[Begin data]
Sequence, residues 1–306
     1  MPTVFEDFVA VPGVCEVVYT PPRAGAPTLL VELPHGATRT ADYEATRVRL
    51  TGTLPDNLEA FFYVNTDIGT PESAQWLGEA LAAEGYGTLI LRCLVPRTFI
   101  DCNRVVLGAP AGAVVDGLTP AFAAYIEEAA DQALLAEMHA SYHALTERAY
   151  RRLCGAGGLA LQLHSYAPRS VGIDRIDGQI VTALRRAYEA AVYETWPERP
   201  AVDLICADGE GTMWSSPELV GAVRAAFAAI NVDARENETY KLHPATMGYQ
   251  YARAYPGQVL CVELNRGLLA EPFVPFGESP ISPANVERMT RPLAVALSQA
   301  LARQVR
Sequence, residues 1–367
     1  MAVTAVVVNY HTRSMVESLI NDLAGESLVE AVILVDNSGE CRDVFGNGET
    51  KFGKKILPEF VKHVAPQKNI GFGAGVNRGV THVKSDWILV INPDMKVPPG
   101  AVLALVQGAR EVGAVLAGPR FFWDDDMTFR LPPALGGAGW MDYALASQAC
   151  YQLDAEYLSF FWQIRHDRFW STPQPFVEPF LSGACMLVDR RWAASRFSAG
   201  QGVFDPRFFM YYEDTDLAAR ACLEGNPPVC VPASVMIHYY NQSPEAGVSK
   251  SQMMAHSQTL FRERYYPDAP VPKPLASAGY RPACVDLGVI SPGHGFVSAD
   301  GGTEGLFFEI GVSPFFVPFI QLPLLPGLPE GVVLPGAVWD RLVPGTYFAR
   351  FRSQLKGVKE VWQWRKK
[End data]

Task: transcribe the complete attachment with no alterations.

Sequence, residues 1–306
     1  MPTVFEDFVA VPGVCEVVYT PPRAGAPTLL VELPHGATRT ADYEATRVRL
    51  TGTLPDNLEA FFYVNTDIGT PESAQWLGEA LAAEGYGTLI LRCLVPRTFI
   101  DCNRVVLGAP AGAVVDGLTP AFAAYIEEAA DQALLAEMHA SYHALTERAY
   151  RRLCGAGGLA LQLHSYAPRS VGIDRIDGQI VTALRRAYEA AVYETWPERP
   201  AVDLICADGE GTMWSSPELV GAVRAAFAAI NVDARENETY KLHPATMGYQ
   251  YARAYPGQVL CVELNRGLLA EPFVPFGESP ISPANVERMT RPLAVALSQA
   301  LARQVR
Sequence, residues 1–367
     1  MAVTAVVVNY HTRSMVESLI NDLAGESLVE AVILVDNSGE CRDVFGNGET
    51  KFGKKILPEF VKHVAPQKNI GFGAGVNRGV THVKSDWILV INPDMKVPPG
   101  AVLALVQGAR EVGAVLAGPR FFWDDDMTFR LPPALGGAGW MDYALASQAC
   151  YQLDAEYLSF FWQIRHDRFW STPQPFVEPF LSGACMLVDR RWAASRFSAG
   201  QGVFDPRFFM YYEDTDLAAR ACLEGNPPVC VPASVMIHYY NQSPEAGVSK
   251  SQMMAHSQTL FRERYYPDAP VPKPLASAGY RPACVDLGVI SPGHGFVSAD
   301  GGTEGLFFEI GVSPFFVPFI QLPLLPGLPE GVVLPGAVWD RLVPGTYFAR
   351  FRSQLKGVKE VWQWRKK